Coverage of the GSA Memory Conference continues in this week’s issue of Chip Scale Review Tech Monthly. Francoise von Trapp contributed this article.

While there continue to be incremental improvements and innovations in single chip packaging technologies, it’s nothing compared to the focus on multi-chip assembly and packaging technologies. Whether they’re called systems-in-package (SiP), multi-chip modules (SiP), package-on-package (PoP),  or heterogeneous stacks, the reality is that to cram all the necessary functionality into today’s devices requires some pretty fancy footwork in the back-end assembly processes.  The latest configuration to take the stage at recent conferences is what’s being called 2.5D silicon interposer technologies.  At the GSA Memory conference held April 11, 2011 in San Jose, a number of speakers from different parts of the supply chain touted the benefits of this so-called first step to 3D integration.

Defining 2.5D Interposer
Wally Rhines, Chairman and CEO of Mentor Graphics, define 2.D integration as stacking 2D chips in 3D integration. Multiple dice are connected in a system usually using a silicon interposer to connect die – most often side-by-side. What makes 2.5D different than full 3D stacking? While both 3D integration approaches rely on TSVs to form interconnects, when the TSVs are in the interposers, they aren’t in active die areas.

According to Rhines, one advantage from the design tool vendor perspective is that design methodology can be evolutionary as long as TSVs are kept out of active area. The design tools require only EDA upgrade products to support it.  However, moving to Full 3D IC requires revolutionary design methodology.  “2.5D will provide long lasting solutions,” noted Rhines. “Things become dramatically more difficult when TSVs move into active circuit areas.”  He added that there are many future benefits that can be achieved with today’s 2.5D IC. It allows for stacking existing analog, digital and memory chips into the third dimension without TSVs in active circuitry (Figure 1).

mentor1Figure 1: The evolution of 3D ICs. (Source: Mentor Graphics)

Is 3D IC Really More Costly?
In his talk, Cost/Architecture/Application Implications for 3D Stacking Technology, Yuan Xie, of Pennsylvania State University, addressed the sensitive issue of cost. First of all, he stressed the importance of weighing the benefits against the increase in production costs. Incremental improvements, such as a 10% latency improvement due to wirelength reduction, don’t justify the cost of true 3D IC integration for niche markets. This is one reason why, although TSV stacking has been successfully demonstrated in DRAM stacks, memory manufactures haven’t gone into production with them.  There needs to be a killer application and novel architecture to justify the cost.  Wide/IO DRAM on Logic has become that killer app for 3D ICS.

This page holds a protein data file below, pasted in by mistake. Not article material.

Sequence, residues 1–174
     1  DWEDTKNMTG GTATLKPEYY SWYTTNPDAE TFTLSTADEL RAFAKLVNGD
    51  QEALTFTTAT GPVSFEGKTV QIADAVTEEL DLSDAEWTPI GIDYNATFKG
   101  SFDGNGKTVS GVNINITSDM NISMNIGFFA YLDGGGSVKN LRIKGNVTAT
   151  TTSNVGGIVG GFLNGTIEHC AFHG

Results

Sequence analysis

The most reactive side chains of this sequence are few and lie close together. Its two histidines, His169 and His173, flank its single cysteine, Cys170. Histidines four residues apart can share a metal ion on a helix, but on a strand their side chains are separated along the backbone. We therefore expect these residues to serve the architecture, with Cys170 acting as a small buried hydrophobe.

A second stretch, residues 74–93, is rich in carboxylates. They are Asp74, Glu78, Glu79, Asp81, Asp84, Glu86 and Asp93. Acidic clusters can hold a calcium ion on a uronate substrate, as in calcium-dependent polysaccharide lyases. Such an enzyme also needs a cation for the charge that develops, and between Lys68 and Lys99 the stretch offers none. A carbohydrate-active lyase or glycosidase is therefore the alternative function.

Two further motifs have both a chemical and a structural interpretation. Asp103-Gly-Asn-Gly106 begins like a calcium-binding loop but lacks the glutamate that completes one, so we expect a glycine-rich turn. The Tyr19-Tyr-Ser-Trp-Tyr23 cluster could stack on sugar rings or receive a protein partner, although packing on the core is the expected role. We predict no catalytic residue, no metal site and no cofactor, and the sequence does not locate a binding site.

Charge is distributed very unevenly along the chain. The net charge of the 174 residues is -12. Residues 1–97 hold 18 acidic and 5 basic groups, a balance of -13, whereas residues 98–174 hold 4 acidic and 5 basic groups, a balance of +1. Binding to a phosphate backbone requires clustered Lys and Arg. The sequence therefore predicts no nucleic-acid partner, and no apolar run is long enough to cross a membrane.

That said, Xie also offered the perspective that while 3D IC stacking may appear to be a more costly method of heterogeneous integration, it really depends on the size of the chip. He suggests using a 3D bonding cost model vs. a wafer cost model that calculates the cost of each 2D die.  From the 3D bonding cost model, 3D stacking offers cost advantages for large die, explained Xie.  When you stack smaller die with higher yield, it requires fewer metal layers to satisfy routing constraints.  Going from 2D to 3D with few metal layers can mean cost reduction. “3D integration is not always necessarily the expensive option.” Said Xie.  With larger die, there is a cost benefit. 3D stacking offers cost advantages for large chips with billions of transistors.  For example, a 24x24mm 40nm die partitioned into four 24x6mm die shows an increase in yield from 25% to 70%.

A Memory Maker’s Perspective
In her keynote, Market Trends Shaping the Memory  Industry, Sharon Holt, Senior VP and General Manager, Semiconductor Business Group, Rambus, talked about the various paths a company could take to get to 3D integration, and divulged Rambus’ strategy.

Demands on DRAM continue to increase due to, by and large, to cloud computing and the continued increase in global mobile data traffic, which in 2010 rose 59%. In 2011, video streaming will account for more than 50% of all mobile traffic. These features will continue to push into memory computing.

Holt suggested that there are  three paths forward, one being an evolutionary path , continuing to push the LPDDR roadmap; the second being a revolutionary approach, jumping to  wide I/O DRAM on logic stacking with 3D ICs; and a third approach that to develop  breakthrough innovations that leverage the evolutionary infrastructure.

While Holt agrees that eventually, it’s the revolutionary road that will need to be traveled, she says there’s still lots of work to get it ready  for HVM, and we don’t need to go there just yet.  Instead, Rambus is working on innovations that can extend performance of the existing infrastructure that will avoid cost risks involved with the revolutionary approach.  She said the company’s proprietary FlexLink™ Command/Address (C/A) improves memory parallelism for multi-core processing, enables higher data rates, and improves memory system scalability. Additionally, because of its micro-threaded memory core, data throughput is improved, memory resource contention is reduced, and finer access granularity is enabled.  Used in a PoP footprint, it’s a compact 3D solution.

Conclusion
There’s no doubt there’s no place to go but up to accommodate next generation technologies. And it no longer remains to be seen how we’ll get there. 2.5D is what’s now in 3D integration.  When all the other options have been exhausted, everyone agrees 3D IC will be next.

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